The University of Kansas Health System reports another drop in the number of active COVID patients today. 38 patients with the active virus are being treated, down from 40 yesterday. Only seven of those 38 are vaccinated. Sadly, the health system has seen eight deaths from COVID since last Saturday, two of those just yesterday. That’s 30 deaths so far in September, compared to 17 for the whole month last year. The average age of those admitted to the hospital is ten years younger than during previous surges. 13 patients are in the ICU, the same as yesterday. Seven are on ventilators, down from eight yesterday. 41 other patients are still hospitalized because of COVID but are out of the acute infection phase, down from 42 yesterday. That’s a total of 79 patients, down from 82 yesterday and 92 last Friday. HaysMed has 14 total patients, up from 13 yesterday.
On today’s Morning Medical Update, we heard from an ICU pharmacist and a respiratory therapist about the current COVID surge and how it compares to this time last year. They discussed what it's like caring for COVID patients now that we have a vaccine available, and talked about why respiratory therapists are quitting their jobs.
The job of a respiratory therapist, especially for a COVID patient, is vital and demanding. Just ask Julie Rojas, who works in the ICU at the health system. Her workload has increased lately as 15 fellow RT’s have quit in the last month due to exhaustion and frustration. She wants patients to know they will still get excellent care, but it might take a little longer. Julie knows all too well the long hours, sometimes spending more time during a week at the hospital than at home. And she says it’s frustrating for all of them to see so many people with life-threatening COVID who could have avoided it with a vaccination, unlike this time last year when vaccines were not yet available. Last year the common sentiment among COVID patients in the ICU was, “I wish I hadn’t gone to that party.” This year it’s “I wish I had gotten the vaccine.” Success stories such as, “liberating people off the ventilator,” are what make the job rewarding and keep her going. She also described the practice of turning some COVID patients on their stomach, or “proning,” and how having the lungs facing down helps them breathe easier and helps the lungs heal. Her job is to make patients as comfortable as possible. She described how gut-wrenching it was when all family members were banned from the ICU, and how she had to hold many a patient’s hand as they said goodbye to their families through an iPad. That’s eased a bit as some family members are allowed to be there at the end. She says it breaks her heart to see all of the young unvaccinated people coming in who thought it would never happen to them. Her best advice is, “I just would like people to be kind to each other. We’re all trying our best out there to do what’s best for our community and our family and keep people safe.” She adds, “Just listen to the experts and take their advice and don’t take your own data and turn it into ‘COVID being a farce,’ that it doesn’t exist, because it really does exist. I feel like a lot of the healthcare community is feeling the burnout and feeling the pressure because people don’t think it’s real, and it’s very real.”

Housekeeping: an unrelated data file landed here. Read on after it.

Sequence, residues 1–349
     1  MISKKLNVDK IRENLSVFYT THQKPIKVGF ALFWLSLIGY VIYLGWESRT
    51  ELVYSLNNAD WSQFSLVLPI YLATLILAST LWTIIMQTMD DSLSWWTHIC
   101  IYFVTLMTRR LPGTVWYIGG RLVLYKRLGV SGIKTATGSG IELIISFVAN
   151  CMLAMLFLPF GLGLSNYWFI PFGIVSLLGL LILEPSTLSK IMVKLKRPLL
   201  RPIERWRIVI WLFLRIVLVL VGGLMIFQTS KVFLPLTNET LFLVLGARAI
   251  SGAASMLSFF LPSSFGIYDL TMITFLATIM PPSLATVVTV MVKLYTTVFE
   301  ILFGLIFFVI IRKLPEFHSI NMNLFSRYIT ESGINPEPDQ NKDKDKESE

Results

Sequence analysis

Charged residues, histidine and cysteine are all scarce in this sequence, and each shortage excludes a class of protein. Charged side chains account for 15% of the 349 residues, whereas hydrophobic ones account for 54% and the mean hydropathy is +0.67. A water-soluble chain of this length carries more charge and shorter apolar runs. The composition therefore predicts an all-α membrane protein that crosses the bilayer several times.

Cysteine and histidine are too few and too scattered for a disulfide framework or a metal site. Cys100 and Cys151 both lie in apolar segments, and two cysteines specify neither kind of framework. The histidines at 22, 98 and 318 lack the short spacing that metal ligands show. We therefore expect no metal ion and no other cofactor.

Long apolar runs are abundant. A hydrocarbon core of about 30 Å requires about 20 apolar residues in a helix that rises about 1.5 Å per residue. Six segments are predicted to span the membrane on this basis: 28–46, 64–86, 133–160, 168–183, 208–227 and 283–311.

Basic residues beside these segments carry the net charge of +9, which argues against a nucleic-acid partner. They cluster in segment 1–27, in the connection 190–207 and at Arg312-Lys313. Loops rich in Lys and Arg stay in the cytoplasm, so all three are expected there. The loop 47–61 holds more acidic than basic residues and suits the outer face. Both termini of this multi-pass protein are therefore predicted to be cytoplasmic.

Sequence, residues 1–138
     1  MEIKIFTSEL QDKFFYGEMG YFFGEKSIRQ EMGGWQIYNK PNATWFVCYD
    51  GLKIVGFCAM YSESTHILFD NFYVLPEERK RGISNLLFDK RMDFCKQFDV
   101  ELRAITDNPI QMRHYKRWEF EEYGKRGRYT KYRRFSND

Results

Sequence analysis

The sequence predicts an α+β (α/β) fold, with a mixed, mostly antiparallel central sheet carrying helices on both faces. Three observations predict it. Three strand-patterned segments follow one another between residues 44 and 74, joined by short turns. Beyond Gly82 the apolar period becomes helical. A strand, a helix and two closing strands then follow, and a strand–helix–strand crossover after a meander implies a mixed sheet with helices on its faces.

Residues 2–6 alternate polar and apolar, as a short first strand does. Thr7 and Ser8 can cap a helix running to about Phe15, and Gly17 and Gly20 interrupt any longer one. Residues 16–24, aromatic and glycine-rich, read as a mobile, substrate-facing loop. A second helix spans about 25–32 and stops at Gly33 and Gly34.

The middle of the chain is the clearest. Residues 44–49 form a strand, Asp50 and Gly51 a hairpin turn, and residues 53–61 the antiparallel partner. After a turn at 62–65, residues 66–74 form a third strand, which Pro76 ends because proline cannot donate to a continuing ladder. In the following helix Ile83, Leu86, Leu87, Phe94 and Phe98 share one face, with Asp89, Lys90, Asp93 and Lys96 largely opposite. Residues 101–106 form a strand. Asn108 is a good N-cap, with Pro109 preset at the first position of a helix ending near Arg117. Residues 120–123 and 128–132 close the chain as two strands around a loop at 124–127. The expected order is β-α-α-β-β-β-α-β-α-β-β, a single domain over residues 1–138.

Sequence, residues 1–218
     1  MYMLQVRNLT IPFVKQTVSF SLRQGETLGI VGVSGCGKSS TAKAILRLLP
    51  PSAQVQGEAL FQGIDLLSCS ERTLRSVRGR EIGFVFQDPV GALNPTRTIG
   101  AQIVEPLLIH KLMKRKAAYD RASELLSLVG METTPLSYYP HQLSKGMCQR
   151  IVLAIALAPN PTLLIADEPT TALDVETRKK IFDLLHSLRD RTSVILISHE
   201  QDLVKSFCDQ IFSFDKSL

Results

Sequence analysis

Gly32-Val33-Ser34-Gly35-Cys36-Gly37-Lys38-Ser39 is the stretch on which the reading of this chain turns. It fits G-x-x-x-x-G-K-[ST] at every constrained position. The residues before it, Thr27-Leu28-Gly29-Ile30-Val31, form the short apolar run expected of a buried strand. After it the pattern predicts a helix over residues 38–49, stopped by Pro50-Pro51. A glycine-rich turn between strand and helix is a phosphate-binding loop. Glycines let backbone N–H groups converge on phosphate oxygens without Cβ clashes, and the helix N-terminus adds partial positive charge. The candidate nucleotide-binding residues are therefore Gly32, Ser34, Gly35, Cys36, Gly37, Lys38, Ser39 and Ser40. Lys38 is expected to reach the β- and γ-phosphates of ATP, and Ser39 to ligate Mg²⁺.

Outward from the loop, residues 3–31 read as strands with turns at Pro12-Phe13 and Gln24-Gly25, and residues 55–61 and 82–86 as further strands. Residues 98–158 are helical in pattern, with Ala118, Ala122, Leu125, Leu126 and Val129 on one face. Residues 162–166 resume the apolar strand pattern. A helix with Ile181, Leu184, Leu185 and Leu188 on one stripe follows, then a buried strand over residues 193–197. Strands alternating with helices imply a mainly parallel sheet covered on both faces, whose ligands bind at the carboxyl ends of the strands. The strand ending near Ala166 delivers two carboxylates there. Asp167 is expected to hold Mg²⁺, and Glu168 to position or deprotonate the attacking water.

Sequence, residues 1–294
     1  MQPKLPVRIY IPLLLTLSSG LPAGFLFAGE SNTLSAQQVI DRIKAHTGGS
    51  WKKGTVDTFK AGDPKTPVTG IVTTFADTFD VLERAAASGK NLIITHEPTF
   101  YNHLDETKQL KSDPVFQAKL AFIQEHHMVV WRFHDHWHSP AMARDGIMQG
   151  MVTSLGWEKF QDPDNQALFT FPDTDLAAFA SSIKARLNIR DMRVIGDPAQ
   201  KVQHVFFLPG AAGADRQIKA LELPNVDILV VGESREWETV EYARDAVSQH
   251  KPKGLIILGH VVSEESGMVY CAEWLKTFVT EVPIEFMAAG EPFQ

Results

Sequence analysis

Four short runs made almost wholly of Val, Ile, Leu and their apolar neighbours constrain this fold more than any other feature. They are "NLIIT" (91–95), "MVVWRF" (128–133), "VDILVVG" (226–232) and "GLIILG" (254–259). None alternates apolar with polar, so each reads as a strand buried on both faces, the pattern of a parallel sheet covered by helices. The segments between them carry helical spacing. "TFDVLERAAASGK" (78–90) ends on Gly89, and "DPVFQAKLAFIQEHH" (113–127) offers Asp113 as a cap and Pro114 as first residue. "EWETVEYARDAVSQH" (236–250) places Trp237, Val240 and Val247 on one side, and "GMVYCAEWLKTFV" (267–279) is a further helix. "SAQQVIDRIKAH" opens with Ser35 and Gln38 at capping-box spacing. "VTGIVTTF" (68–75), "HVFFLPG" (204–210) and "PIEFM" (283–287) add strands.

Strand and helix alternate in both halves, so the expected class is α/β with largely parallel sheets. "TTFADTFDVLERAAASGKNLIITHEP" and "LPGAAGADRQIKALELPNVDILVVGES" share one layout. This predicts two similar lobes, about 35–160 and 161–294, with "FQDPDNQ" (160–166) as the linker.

Jace Knutson is a pharmacist in the ICU. He says, “The work feels heavy right now,” as most days the ICU beds are full of COVID patients. He calls it “a tough pill to swallow,” when the hospital has to turn away very sick patients because there’s no room. He says the mood among the staff has changed from hopeful last winter when vaccines became available to frustrating now at all of the needless admissions with severe COVID cases. The challenge is COVID patients stay a lot longer than the average ICU patient, and his staff must often adjust to make sure they are getting the right medications at the right time and in the right way. He says COVID patients are also slow to recover but often quick to go downhill. It’s also challenging to keep ahead of the supplies and medicines to avoid shortages of both. He calls it “disheartening” when a medical professional advises against vaccines or masking, but says in his experience that’s rare. He wants people to know that they need to get vaccinated as soon as possible because, “When you come to the hospital with acute infection, the best intervention is past us.”
Dana Hawkinson, MD, medical director of Infection Prevention and Control at The University of Kansas Health System, is optimistic and somewhat happy at the recent downward trend in the COVID numbers, but says it’s very unfortunate that we continue to have deaths which are entirely preventable. He thinks it’s sad that it takes the death of a loved one or a friend to change the minds of the vaccine resistant, especially since the science shows they work. He agrees there has been some confusion over booster shots, but says right now the only people recommended to get one are those who are immunocompromised. He also says the makeup of the booster shots is identical to the original shots. When it comes to vaccines, he believes too many people are picking and choosing information that fits their beliefs rather than seeking credible scientific sources. He stresses there is no doubt the vaccines work and keep people from severe illness, hospitalization and death.
Wednesday, September 15 at 8:00 a.m. is Open Mics With Dr. Stites. We’ll take a close look at how insurance is changing for COVID patients.
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